Impact of Indian gaming law changed casino industry

Washington — The gaming industry changed irrevocably when President Reagan signed the Indian Gaming Regulatory Act on Oct. 17, 1988.

Twenty years later, tribal casinos earn more money than those in Las Vegas and Atlantic City combined.

„I believe the expectation of almost every lawmaker then was that the future of Indian gaming was going to be in high stakes bingo,“ said Phil Hogen, chairman of the National Indian Gaming Commission.

Instead, about 90 percent of the USD 26 billion in Indian gaming revenue last year came from casinos. By comparison, Nevada casinos collected USD 12.8 billion and New Jersey casinos collected USD 4.9 billion.

The Indian gaming industry employs more than 700,000 workers — more than half of them are not Native Americans.

Frank Fahrenkopf, president of the American Gaming Association, said the law „changed the landscape“ of the casino industry.

„I don’t think anyone ever thought the result would be as dramatic as it has been,“ Fahrenkopf said.

Senate Majority Leader Harry Reid of Nevada, who played a key role in drafting the legislation, said the objective was to protect Nevada casinos from competition.

„Just the opposite has occurred,“ Reid said.

Northern Nevada has borne the brunt of an explosion of tribal casinos in California. Especially during winter, casinos in Carson City, Lake Tahoe and Reno see business plummet as customers from the once-fruitful market of Sacramento stay home to play the slot machines and card tables offered by tribes.

On the other hand, some mainstream gaming companies like Harrahs and Boyd Gaming Corp. have entered into lucrative management contracts with tribes.

Despite their success, Indian gaming officials still regard the legislation as a violation of tribal sovereignty.

„What other business in America has a federal law that tells it what it has to do?“ said Ernie Stevens Jr., chairman of the National Indian Gaming Association.

Tribes gained the upper hand in 1987 when the U.S. Supreme Court ruled in California vs. Cabazon Band of Mission Indians that federally recognized tribes could operate gambling businesses without state regulation.

Fearful of being unable to control gambling within their borders, states turned to Congress for help and the result was the 1988 regulatory act.

In addition to Reid, one of the primary architects of the legislation was Sen. John McCain of Arizona, this year’s Republican presidential nominee.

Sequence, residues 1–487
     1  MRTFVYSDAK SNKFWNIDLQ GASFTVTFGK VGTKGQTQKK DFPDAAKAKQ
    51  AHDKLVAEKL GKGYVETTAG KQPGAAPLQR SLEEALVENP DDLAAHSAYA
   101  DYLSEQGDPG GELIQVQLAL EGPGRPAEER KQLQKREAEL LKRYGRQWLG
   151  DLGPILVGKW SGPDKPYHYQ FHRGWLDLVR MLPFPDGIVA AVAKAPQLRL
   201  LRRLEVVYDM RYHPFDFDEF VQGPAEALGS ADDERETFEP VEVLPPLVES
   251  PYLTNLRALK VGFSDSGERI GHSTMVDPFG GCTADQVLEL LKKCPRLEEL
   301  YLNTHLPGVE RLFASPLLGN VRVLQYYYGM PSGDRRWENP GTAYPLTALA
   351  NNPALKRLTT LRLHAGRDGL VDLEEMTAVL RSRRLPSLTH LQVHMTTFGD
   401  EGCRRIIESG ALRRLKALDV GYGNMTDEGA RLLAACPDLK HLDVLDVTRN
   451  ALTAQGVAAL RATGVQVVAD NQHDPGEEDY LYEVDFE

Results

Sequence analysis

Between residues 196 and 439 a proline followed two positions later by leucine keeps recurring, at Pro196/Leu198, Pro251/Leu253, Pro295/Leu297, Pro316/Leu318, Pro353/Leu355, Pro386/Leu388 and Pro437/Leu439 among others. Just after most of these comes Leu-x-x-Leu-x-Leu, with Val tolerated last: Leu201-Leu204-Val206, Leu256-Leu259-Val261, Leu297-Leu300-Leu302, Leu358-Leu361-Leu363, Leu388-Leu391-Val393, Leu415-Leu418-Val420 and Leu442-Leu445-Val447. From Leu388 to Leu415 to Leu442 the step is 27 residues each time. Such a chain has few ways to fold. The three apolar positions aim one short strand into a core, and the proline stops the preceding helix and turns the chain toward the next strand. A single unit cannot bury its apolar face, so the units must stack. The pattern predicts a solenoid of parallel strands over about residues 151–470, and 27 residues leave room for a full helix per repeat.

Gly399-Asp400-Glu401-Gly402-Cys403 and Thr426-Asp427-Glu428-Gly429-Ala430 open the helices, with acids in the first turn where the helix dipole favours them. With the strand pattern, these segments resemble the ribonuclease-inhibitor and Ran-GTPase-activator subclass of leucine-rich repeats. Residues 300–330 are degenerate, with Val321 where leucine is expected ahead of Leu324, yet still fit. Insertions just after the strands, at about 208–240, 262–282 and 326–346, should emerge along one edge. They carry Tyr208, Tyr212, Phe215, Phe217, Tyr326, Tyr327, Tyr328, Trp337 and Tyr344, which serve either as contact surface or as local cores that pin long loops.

The Senate passed the bill by voice vote on Sept. 15, 1988, and 12 days later, the House approved it 323-84.

„It’s one of the ugliest pieces of legislation there is. That old saying about legislation being like making sausage fits it,“ said Kevin Washburn, a law professor at the University of Arizona who served as general counsel of the National Indian Gaming Commission from 2000 to 2002.

For example, the law sought to encourage negotiations between tribes and states to establish regulations for Indian gaming.

But that has not happened. After giving the tribes a major victory with the Cabazon decision in 1987, the Supreme Court ruled in Seminole Tribe vs. Florida in 1996 that tribes could not sue states which refused to negotiate gaming compacts.

„The drafters just blew it. They should have caught that when they wrote the bill,“ Washburn said.

Stevens, the NIGA chairman, said every piece of legislation proposed by tribes now includes a provision attempting to „fix“ the Seminole decision.

The law also hamstrings tribes by limiting management contracts with mainstream casino partners to seven years, Washburn said.

„That’s unduly paternalistic,“ Washburn said. „The tribes have become capable business people at this point and if they want a 20-year contract, they should be able to get it.“

Nevertheless, tribes remain fiercely opposed to any attempts by Congress to amend the regulatory act, which has allowed them to finally develop a wildly successful economic tool to help their people.

As Hogen, the chairman of the federal commission overseeing Indian gaming, said, „There were so many abject failures before.“